Musk’s Tesla faces a cash crunch as it confronts a suddenly skeptical Wall Street

Elon Musk speaks at an event in July, days after forecasting an annual production rate of 240,000 Model 3s by the end of December. Soon after, Tesla would issue $1.8 billion in unsecured bonds.
(Ben MacMahon / Associated Press)

It was a bad week for Elon Musk. Tesla bonds got hammered, Tesla stock got slammed.

The National Transportation Safety Board launched an investigation into Tesla and its Autopilot self-drive system after a Model X driver was killed in a fiery crash on a Silicon Valley freeway. Late Friday, Tesla said Autopilot was engaged and the driver had his hands off the wheel for six seconds.

The company issued a voluntary recall for 123,000 Model S cars to check for problems on power-steering bolts.


A leaked internal memo showed top Tesla production executives pushing workers to boost production of the troubled Model 3 just days before CEO Musk is set to reveal whether the company reached his production forecast of 2,500 cars per week.

Worse for the company’s financial future, bond-rating service Moody’s on Tuesday downgraded Tesla’s bonds. Ominously, the report said the $3.4 billion in cash and securities Tesla had at the end of 2017 was “not adequate to cover” its normal operations and production increases.

Already labeled by Moody’s as high-risk, the rating was lowered from B2 to B3 while the outlook was downgraded from stable to negative. “Tesla’s ratings reflect the significant shortfall in the production rate of the company’s Model 3 electric vehicle,” Moody’s said in a release.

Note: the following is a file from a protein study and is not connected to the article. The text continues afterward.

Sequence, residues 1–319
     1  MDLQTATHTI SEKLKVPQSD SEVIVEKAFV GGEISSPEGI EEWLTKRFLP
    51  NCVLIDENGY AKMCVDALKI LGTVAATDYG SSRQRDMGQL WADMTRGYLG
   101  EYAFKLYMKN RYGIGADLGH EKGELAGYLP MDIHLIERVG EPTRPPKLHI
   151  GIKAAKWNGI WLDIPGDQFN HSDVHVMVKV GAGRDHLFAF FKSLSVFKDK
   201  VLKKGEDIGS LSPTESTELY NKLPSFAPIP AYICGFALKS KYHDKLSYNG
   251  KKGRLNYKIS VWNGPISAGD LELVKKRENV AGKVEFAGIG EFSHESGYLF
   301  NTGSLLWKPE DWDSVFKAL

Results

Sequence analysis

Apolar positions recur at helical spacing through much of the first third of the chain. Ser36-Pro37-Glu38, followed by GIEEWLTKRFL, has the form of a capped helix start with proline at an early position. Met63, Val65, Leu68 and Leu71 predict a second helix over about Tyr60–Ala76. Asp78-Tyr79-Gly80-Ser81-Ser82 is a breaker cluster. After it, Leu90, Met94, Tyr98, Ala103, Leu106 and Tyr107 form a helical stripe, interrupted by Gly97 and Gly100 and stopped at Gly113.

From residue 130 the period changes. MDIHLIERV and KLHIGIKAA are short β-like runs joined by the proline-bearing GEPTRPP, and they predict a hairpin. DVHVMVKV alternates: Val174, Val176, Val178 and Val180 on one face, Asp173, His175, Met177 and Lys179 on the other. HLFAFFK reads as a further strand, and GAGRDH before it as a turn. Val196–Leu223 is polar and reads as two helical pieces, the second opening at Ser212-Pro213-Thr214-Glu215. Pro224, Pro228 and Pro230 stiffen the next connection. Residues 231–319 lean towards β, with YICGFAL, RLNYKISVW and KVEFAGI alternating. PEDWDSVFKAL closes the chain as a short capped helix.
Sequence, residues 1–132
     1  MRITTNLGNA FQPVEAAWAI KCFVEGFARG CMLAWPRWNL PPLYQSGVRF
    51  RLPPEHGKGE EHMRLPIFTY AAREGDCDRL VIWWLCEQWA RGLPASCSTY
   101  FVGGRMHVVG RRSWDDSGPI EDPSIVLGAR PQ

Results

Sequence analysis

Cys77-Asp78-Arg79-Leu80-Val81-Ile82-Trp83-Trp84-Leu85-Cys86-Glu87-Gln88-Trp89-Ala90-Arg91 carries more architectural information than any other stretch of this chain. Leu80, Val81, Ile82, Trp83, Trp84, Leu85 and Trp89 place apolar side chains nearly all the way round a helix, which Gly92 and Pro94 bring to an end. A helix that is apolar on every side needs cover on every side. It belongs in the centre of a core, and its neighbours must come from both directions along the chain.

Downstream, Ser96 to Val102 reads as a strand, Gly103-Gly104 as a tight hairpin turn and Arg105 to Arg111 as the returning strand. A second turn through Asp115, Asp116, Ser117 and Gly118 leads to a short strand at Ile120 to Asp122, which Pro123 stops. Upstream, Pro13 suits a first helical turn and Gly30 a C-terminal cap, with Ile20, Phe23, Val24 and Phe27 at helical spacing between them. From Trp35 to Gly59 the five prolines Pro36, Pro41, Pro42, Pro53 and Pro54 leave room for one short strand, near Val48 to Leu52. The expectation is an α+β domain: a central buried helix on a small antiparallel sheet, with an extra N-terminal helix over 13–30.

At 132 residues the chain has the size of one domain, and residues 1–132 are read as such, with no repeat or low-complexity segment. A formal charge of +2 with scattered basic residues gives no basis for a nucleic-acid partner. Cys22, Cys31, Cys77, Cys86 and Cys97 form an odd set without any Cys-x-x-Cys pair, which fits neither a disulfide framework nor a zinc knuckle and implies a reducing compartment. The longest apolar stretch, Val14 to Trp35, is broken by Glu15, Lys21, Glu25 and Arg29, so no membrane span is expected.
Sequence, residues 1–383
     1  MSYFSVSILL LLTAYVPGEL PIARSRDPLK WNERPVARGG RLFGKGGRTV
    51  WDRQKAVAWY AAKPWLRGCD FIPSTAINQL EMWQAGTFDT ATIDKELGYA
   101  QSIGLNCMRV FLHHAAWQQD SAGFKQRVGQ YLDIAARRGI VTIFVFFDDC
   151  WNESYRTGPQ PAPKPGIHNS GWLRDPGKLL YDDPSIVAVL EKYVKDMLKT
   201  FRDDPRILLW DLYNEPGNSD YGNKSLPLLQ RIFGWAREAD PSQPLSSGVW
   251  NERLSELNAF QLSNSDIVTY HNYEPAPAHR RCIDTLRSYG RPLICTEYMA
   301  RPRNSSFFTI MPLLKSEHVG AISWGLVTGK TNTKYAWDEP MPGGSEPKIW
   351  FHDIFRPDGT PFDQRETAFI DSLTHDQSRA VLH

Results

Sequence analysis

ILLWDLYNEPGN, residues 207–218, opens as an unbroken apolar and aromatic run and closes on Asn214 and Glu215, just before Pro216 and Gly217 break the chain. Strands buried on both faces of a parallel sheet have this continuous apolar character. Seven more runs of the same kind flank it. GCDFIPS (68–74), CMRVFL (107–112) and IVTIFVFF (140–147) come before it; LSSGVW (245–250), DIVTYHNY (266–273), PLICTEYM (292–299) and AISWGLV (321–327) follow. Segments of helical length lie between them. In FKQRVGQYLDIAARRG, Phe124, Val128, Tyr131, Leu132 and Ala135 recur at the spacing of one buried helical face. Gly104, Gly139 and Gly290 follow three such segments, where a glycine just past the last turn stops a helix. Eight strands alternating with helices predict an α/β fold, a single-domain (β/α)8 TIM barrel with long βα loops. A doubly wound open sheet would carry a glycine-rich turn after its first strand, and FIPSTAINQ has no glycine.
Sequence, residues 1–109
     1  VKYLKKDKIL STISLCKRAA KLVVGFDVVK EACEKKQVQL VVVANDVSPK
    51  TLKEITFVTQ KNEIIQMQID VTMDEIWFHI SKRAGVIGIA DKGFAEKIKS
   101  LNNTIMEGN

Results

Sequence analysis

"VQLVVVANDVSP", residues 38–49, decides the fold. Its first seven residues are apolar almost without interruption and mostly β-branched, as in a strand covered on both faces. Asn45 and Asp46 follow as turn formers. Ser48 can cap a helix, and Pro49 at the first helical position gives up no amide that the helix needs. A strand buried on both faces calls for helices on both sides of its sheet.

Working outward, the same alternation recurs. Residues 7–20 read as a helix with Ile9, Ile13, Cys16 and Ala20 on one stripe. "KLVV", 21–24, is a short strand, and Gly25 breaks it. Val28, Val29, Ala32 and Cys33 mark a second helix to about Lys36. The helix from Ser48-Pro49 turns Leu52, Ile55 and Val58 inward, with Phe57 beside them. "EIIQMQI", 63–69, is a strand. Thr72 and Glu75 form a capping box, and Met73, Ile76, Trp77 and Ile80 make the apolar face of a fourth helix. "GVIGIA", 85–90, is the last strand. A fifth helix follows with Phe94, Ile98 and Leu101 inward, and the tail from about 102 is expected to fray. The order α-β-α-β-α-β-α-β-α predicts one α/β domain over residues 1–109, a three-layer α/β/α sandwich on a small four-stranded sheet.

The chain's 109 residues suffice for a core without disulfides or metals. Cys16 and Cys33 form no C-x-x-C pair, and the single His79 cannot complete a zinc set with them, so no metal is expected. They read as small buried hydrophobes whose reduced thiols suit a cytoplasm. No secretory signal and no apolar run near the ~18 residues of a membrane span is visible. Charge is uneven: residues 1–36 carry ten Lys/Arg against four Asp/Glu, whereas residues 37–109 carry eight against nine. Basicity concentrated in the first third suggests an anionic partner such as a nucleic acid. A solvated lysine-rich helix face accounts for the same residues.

Tesla is due to report production figures on Monday. Musk was unavailable for comment.

Wall Street, home of some of Musk’s biggest cheerleaders, has turned on him of late. Tesla’s stock price fell 14.5% last week and is down 30% from its peak in June, just before the Model 3 went on sale. Tesla’s 5.3% notes due in 2025 traded at $87.25 on Thursday, down from $94.86 a week earlier.

Stock analysts are near unanimous in their belief that Tesla, burdened with persistent negative operating cash flow, will need to raise billions from the capital markets this year to keep going.


Just before the first Model 3s went on sale in July, Musk tweeted it “looks like” the Model 3 could hit an annual production rate of 240,000 vehicles, or 5,000 a week, by the end of December. On Aug. 2, Musk said in an earnings call he had “zero concern” about reaching 10,000 a week by the end of 2018.

Soon after, Tesla sold $1.8 billion in unsecured bonds at a rate of 5.3%. Demand was enthusiastic — the issue took in $300 million more than Tesla had planned.

By November, however, as production problems came to public light, Musk pushed the 5,000-a-week forecast to the end of March. In a letter to investors in January, he trimmed the March figure to 2,500 and said “we intend to achieve” 5,000 a week by the end of June.

As of Friday, the Bloomberg Tesla Model 3 Tracker, which makes its estimates via vehicle identification numbers, put the weekly total at 1,076. Tesla might end up counting the figure differently.

A detailed report on Musk’s approach to manufacturing from analyst Max Walburton at Bernstein concluded that by pushing the boundaries of factory automation too far, too fast, Tesla “may have shot itself in the foot.” Using robots for functions that other car companies have concluded are better done by humans is causing many of the Model 3’s quality problems, he said.